to another is itself significant. Thus, "the lack of congruence even be- 
tween the conventional usage scales for English and French (slang- 
colloquial-standard vs. vulgaire-populaire-jamilier, etc.) reflects an im- 
portant difference in the linguistic sociology of the two communities" 
(Weinreich, 1955fa, p. 538 ). 20 

Some differences in speech behavior seem constant across behavior 
settings, depending on the persons communicating. An Ainu husband 
uses his wife's personal name to her, but she may never address him by 
his. Sapir (1915) and Haas (1944) discuss phenomena of this sort, 
such as differences in the speech of men and women. Still, the persons 
involved communicate in certain behavior settings rather than others, so 
that particular usages become linked to particular situations. Occurrence 
of these usages elsewhere may refer to such situations, perhaps as a com- 
ment on personality, for instance, use of baby-talk to insult an adult. 

An important point Is made by Sapir: 

Generally speaking, the smaller the circle, and the more complex the 
understanding already arrived at within it, the more economical can the act 
of communication afford to become. A single word passed between members 
of an intimate group, in spite of its apparent vagueness, and ambiguity, may 

HYMES: Linguistic Aspects 341 

constitute a far more precise communication than volumes of carefully pre- 
pared correspondence interchanged between two governments. (1931, p. 79) 

This seems to be the principle underlying effective use of speech sur- 
rogates, such as the Mazateco whistle speech or West African dram 
signals. 21 It also underlies functionally specialized idioms, such as the 
argot of Ethiopian merchants, or the speech disguise of Tagalog young 
people (Conklin, 1956, 1959). Friedson (1956) suggests use of the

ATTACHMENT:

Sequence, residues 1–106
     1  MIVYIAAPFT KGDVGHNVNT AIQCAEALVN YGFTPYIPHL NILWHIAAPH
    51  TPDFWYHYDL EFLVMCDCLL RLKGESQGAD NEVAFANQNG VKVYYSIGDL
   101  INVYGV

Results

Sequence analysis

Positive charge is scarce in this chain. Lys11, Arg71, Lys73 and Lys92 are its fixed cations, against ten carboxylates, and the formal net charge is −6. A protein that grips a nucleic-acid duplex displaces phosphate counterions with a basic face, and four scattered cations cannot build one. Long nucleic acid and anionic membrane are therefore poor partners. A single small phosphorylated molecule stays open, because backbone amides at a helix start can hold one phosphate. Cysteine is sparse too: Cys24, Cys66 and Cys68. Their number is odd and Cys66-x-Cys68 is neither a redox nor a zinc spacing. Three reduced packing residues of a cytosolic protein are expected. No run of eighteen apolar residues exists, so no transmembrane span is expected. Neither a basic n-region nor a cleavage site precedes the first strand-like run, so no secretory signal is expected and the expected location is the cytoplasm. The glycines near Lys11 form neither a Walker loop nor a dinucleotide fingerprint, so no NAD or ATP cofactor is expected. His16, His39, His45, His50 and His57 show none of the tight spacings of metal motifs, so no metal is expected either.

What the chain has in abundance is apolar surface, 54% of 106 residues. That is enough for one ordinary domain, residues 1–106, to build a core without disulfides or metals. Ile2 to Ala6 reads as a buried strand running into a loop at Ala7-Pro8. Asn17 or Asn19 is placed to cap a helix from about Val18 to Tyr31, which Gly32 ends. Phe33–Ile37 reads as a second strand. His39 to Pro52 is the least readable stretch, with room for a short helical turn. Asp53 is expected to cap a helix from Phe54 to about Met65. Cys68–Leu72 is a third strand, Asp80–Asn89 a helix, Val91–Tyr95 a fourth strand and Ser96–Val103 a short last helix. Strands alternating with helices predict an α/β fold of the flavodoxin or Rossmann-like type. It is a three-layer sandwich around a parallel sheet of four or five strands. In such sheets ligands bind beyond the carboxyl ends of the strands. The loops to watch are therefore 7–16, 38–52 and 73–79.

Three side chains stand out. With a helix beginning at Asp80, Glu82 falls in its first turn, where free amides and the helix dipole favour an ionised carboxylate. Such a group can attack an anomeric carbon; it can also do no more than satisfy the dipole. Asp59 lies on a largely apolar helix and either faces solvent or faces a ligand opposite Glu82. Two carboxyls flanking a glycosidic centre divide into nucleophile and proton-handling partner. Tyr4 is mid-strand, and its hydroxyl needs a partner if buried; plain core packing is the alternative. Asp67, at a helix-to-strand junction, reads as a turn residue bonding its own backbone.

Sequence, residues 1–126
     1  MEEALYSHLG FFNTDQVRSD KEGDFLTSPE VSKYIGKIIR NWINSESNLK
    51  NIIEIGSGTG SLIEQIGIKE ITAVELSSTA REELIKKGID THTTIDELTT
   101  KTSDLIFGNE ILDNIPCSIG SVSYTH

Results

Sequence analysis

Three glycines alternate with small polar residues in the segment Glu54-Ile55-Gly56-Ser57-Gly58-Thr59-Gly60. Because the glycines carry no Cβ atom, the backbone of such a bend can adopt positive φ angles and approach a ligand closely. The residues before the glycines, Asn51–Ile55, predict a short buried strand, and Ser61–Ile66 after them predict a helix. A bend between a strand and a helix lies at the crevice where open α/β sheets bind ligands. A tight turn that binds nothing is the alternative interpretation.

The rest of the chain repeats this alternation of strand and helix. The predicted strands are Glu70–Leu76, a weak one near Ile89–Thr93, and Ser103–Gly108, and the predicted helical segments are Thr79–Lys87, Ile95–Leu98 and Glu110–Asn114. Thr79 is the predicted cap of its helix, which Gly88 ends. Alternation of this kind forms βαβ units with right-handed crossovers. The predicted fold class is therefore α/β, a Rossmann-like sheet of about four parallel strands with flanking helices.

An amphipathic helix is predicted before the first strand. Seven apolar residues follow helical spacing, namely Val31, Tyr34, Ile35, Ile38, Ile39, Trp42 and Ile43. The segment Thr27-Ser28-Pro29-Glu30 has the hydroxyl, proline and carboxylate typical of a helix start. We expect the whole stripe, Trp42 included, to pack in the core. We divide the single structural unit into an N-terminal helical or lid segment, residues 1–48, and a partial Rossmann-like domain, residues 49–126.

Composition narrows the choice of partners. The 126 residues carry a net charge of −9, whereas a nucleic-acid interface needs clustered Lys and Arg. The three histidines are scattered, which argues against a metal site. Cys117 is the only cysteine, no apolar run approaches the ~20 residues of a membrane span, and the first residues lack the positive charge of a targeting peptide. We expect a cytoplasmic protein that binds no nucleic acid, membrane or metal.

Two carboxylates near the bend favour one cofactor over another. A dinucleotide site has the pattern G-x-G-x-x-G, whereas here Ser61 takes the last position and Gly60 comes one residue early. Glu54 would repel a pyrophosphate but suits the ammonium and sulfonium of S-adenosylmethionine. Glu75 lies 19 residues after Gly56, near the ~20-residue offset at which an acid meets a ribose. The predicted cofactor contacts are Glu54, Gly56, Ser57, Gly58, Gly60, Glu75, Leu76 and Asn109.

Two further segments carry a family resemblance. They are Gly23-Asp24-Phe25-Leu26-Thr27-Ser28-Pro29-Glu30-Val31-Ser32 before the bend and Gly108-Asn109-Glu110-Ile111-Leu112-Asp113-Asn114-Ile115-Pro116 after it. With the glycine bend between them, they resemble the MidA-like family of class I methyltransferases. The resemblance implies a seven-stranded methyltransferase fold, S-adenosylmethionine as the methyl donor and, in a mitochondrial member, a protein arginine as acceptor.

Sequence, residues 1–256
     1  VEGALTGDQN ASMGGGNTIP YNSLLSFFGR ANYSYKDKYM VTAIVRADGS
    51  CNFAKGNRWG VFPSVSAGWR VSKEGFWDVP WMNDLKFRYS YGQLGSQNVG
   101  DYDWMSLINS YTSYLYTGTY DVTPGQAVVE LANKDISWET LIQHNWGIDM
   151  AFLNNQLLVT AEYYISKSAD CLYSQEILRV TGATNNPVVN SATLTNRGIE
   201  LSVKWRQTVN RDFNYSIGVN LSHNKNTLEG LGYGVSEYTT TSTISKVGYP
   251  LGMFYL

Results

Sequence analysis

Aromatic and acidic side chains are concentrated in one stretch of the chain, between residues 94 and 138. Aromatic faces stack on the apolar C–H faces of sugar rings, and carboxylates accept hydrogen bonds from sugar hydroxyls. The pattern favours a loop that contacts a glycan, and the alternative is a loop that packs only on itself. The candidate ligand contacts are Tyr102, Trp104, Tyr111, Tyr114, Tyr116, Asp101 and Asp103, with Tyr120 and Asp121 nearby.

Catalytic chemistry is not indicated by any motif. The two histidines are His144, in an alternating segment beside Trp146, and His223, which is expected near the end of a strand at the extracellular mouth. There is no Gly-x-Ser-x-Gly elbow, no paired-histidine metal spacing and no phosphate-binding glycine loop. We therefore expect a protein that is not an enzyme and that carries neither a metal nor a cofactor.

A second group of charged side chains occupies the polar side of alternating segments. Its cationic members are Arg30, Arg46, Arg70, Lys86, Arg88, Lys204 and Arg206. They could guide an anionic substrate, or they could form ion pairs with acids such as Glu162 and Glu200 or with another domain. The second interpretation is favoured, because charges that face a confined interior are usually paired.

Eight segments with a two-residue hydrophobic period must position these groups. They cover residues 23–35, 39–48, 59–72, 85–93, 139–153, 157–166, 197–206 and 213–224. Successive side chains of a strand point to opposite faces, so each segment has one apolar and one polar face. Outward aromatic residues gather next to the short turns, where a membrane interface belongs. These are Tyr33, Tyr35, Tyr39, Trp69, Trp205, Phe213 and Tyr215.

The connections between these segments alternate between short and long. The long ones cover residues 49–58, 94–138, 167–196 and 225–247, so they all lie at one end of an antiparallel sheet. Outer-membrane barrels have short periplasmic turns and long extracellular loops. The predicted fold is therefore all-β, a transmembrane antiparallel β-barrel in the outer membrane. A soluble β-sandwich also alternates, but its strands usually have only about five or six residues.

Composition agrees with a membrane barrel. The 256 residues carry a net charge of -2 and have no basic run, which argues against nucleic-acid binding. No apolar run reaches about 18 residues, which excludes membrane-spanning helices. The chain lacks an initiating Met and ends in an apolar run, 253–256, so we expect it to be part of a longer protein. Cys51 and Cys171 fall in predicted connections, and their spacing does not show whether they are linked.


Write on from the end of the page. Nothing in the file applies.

principle as a measure of a speaker's perception of his intimacy with his 
audience. In general, one would want to know what settings permit 
conventional or individual economizing in communication. 

Behavior settings may differ in the very language or code used. The 
choice may be for concealment, prestige, or effective communication, 
and differences will reveal and shape personality. Weinreich (1953) 
analyzes many of the factors Involved. 

To function successfully as an adult personality, the child growing into 
a speech community must acquire a mastery of several sets of rules. He 
must of course learn the phonological rales, the grammatical rules, the 
semantic rales, which make an utterance a proper part of the language, 
and which make possible the vital cultural property of language, the 
production and understanding of novel utterances. There are the rales of 
the parallnguistic system, of speech as expressive and persuasive behav- 
ior. As Luria (1959a, 1959b) has shown, the child must also learn or 
grow to associate utterances with actions. Linked perhaps with this kind 
of "directive" or "adaptive" function of speech is another aspect of 
speech activity which is also separate from knowing the rales of the lin- 
guistic code proper. The successful adult must have mastered some part 
of the available linguistic routines and repertoires; he must judge not 
only of possible utterances, but also of their appropriate distribution 
among roles and behavior settings. He must learn not only how to say, 
but what to say. With all of this must go the internalization of certain at- 
titudes toward speech activity and his language or languages. 

Let us consider now the differences in the role that speech may play 
in the actual process of socialization, first regarding the onset and rate of 
language development, then regarding the context of development. 

It is clear that children differ in the age at which speaking begins, and 
in the rate at which they master language. To some extent this is innate, 
but much depends upon cultural expectation and family situation. Num- 
ber and relative age of siblings is one factor; only children have been 
found superior to children-with-siblings, and twins often develop spe- 
cial systems of communication, reducing the need for acquiring the lan- 
guage of adults, while slngletons-with-siblings resemble twins more than 
only-children (Anastasi and Foley, 1949, pp. 337 ff. summarize a num- 
ber of studies). These results are from studies of North American chil- 

342 Methodology in Cross-Cultural Personality Study 

dren, but the cross-cultural implication is clear. Language develop- 
ment in children can be expected to vary with any social, cultural or 
ecological conditions affecting the makeup of the household.